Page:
Saturday, December 27, 2008

Congruent Election

Now I know what Richard Land was talking about, when he referenced his understanding of Election as being a “congruent election,” at the John 3:16 Conference. This principle is taken straight from the Compatibilist, Norman Geisler, who describes a “congruency between predetermination and free choice.” (p.42)

Repeatedly we are told by Geisler, that Determinism and Free Will are perfectly compatible concepts. Echoing Calvinist, Charles Spurgeon, Geisler states: “God’s predestination and human free choice are a mystery, but not a contradiction. They go beyond reason, but not against reason. That is, they are not incongruous (there’s that word again), but neither can we see exactly how they are complementary. We apprehend each as true, but we do not comprehend how both are true.” (p.54) This is precisely what Spurgeon stated, when he similarly affirmed the mystery of Determinism & Free Will:

Spurgeon: “Now, have I not answered these two questions honestly? I have endeavoured to give a scriptural reason for the dealings of God with man. He saves man by grace, and if men perish they perish justly by their own fault. ‘How,’ says some one, ‘do you reconcile these two doctrines?’ My dear brethren, I never reconcile two friends, never. These two doctrines are friends with one another; for they are both in God’s Word, and I shall not attempt to reconcile them. If you show me that they are enemies, then I will reconcile them. ‘But,’ says one, ‘there is a great deal of difficulty about them.’ Will you tell me what truth there is that has not difficulty about it? ‘But,’ he says, ‘I do not see it.’ Well, I do not ask you to see it; I ask you to believe it. There are many things in God’s Word that are difficult, and that I cannot see, but they are there, and I believe them. I cannot see how God can be omnipotent and man be free; but it is so, and I believe it. ‘Well,’ says one, ‘I cannot understand it.’ My answer is, I am bound to make it as plain as I can, but if you have not any understanding, I cannot give you any; there I must leave it. But then, again, it is not a matter of understanding; it is a matter of faith. These two things are true; I do not see that they at all differ. However, if they did, I should say, if they appear to contradict one another, they do not really do so, because God never contradicts himself. And I should think in this I exhibited the power of my faith in God, that I could believe him, even when his word seemed to be contradictory. That is faith.” (Jacob & Esau)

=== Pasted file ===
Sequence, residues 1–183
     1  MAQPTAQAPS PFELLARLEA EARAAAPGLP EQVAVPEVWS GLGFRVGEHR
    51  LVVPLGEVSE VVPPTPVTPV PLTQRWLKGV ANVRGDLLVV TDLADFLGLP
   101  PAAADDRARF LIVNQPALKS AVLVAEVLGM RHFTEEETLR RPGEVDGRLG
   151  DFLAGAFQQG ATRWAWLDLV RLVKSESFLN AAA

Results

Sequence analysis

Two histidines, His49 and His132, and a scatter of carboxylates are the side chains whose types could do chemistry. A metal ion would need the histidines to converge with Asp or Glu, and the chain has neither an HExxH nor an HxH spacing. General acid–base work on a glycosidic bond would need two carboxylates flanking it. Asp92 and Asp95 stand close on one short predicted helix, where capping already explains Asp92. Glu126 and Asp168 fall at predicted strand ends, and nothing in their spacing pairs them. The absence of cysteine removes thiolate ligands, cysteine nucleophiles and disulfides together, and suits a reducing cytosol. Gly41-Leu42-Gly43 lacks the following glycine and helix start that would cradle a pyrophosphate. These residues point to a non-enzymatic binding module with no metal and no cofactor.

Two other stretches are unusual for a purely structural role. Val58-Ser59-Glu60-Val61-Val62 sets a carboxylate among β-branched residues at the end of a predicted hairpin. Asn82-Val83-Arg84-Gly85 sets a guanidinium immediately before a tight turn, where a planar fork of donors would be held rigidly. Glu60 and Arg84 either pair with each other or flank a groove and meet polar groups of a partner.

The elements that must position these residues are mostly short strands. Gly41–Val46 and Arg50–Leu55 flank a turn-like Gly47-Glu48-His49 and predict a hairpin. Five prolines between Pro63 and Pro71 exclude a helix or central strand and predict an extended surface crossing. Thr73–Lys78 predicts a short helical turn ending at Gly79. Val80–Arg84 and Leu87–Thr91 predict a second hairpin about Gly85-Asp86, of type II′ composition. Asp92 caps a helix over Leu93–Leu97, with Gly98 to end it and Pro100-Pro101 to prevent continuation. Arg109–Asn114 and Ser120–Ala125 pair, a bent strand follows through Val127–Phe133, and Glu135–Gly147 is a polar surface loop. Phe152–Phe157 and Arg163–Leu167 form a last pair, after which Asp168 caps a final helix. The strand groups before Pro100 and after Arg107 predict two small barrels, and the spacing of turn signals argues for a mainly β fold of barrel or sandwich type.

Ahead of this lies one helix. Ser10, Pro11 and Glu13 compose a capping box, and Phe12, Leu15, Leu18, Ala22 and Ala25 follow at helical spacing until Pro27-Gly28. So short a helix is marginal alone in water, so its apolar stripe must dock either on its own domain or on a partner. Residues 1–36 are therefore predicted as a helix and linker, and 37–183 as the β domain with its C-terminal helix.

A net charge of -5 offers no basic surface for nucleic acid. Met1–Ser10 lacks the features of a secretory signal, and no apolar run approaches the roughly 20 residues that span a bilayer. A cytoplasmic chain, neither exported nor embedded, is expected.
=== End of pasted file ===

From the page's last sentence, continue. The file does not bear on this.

Geisler: “There is no contradiction in God knowingly predetermining and predeterminately knowing from all eternity precisely what we would do with our free acts. For God determined that moral creatures would do things freely. He did not determine that they would be forced to perform free acts. What is forced is not free, and what is free is not forced. IN BRIEF, WE ARE CHOSEN BUT FREE.” (p.55)

This is essentially Compatibilism, and it’s certainly not Arminian, and absolutely Calvinistic, and hence Geisler refers to himself as a “Moderate Calvinist.” In contrast, Geisler refers to Calvinist, R.C. Sproul, as an “Extreme Calvinist” (p.68), for rejecting the free agency of man. However, the joke is that both are Compatibilists! Sproul decries the “equal ultimacy” of what he terms, “hyper-Calvinists” or “anti-Calvinists” (Chosen By God, p.142). Sproul is not a Hard Determinist, and for that matter, neither is Calvinist, James White, who is a self-professed Compatibilist, who wrote the “Potter’s Freedom” in refutation to Geisler’s supposed Arminianism. The whole thing is one big charade, very much like the “free choice” of Compatibilism, in which free choice is made consistent with what is Determined, by eliminating all other “free” choices to only that which just so happens to be predetermined. That is hardly consistent with the “power of contrary choice.” Here is a caricature of this notion: “Sure they have Free Will. They have the freedom to do everything that they have been predetermined to do. See, we Determinists believe in Free Will too.”